Alan Wake (PC) review
"Excellent atmosphere, clunky controls"
Alan Wake is a linear third-person shooter whose atmosphere and story attempt to redeem the frankly clunky combat. The game proceeds in six episodes (with two additional DLC episodes).
Alan's wife, Alice, gets “taken” by a mysterious “dark presence.” The entire game is spent trying to release her from its power. Alan is frequently lost, operating on whim, and not really sure of how to proceed. A writer himself, he begins researching old legends of Cauldron Lake and the power that words written there seem to possess. This is really the best part of the game, as the labyrinth of creation and created and how to balance what is desired with what is needed leads Alan down an increasingly dark path (pun intended). As he discovers, he is not alone in his knowledge of the lake's mysterious power, nor the first to suffer from it. The supporting cast are varied and colorful characters, several of whom have their own history with Cauldron Lake.
The atmosphere is suitably dark and fog-swept at times. Most of the game happens at night, so turn down your room lights and crank the audio to catch the ambiance (the sound design is superb). The setting is a unique one: the woods and small town atmosphere of the Pacific Northwest. The ambiance is captured nicely, and the woods have thick foliage and dark shadows. Old logging and mining gear abounds, providing just the right touch of historical nostalgia and rusty menace. The buildings and architecture are a mix of rustic, country-style structures (built sturdy to withstand the harsh winters) other more attractive, modern structures designed to impress tourists (Cauldron Lake Lodge). The superb music score is the icing on the atmospheric cake: moody but melodic, it catches the feeling of solitude at night-time haunted by the supernatural.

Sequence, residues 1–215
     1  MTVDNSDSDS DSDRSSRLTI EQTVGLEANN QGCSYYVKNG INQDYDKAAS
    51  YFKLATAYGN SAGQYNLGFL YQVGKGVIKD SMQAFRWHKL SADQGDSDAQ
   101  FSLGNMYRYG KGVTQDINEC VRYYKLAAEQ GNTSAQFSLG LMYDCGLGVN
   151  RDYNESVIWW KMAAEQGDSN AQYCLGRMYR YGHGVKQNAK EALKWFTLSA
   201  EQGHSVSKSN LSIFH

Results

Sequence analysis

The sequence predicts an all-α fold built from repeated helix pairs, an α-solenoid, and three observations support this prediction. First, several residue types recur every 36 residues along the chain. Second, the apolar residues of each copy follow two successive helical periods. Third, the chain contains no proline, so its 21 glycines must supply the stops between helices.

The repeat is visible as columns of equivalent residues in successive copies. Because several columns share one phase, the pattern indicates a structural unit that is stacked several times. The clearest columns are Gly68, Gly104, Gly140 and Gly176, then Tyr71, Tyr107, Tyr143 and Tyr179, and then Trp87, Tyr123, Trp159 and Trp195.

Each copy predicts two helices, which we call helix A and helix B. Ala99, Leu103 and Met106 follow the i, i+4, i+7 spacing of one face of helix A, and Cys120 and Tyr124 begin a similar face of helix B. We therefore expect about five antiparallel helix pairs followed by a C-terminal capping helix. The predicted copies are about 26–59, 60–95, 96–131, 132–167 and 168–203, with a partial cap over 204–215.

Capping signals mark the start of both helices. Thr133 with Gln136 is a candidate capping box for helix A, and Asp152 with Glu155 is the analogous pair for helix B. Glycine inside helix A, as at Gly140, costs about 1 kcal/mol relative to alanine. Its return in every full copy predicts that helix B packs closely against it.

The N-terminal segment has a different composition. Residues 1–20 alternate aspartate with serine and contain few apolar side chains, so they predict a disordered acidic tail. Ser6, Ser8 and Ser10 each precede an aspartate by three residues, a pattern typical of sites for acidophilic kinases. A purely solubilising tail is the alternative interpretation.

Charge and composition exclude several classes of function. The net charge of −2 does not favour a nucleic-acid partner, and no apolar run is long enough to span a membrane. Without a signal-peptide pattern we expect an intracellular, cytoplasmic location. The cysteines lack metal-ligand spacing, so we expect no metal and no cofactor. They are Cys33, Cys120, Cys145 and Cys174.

A supernatural that is made perhaps more terrifying by the clunky combat. Shine a light at enemies to burn away the darkness, then shoot them with whatever weapon you have to hand. It works well enough, but feels loose and sloppy. The weapons are few, but do feel different: revolver, shotgun (regular and pump-action), flare gun, hunting rifle, flares, and flash-bangs. That's it. They're not all available at the same time, and at the beginning of each episode, Alan only has a flashlight and a revolver. So, no matter how good you were with saving up your gear, thinking there might be a big battle coming up, once the episode ends, you'll lose it all anyway. The enemies offer little variety. You've got the standard hatchet-throwing “taken”, the big “taken”, the fast “taken”, and random flocks of crows that fly out of the sky and attack Alan. Sometimes random objects (like cars, tires, dumpsters) will become possessed and attack Alan. With so many creatures that dwell in the woods of the Pacific Northwest, I expected there might be a boss fight with a bear or a pack of coyotes, but no.
None of these drawbacks would matter if the total experience offered by Alan Wake were more than the sum of its parts. Unfortunately, it isn't. I enjoy it because when I first played it years ago I had no idea that video games could handle narrative in this fashion. I'll always have a nostalgic appreciation for it and it just kills me to provide a mixed recommendation. But if you want more than story and atmosphere, look elsewhere, because you'll be sorely disappointed by everything else. If story and atmosphere suffice, though, get Alan Wake right away.
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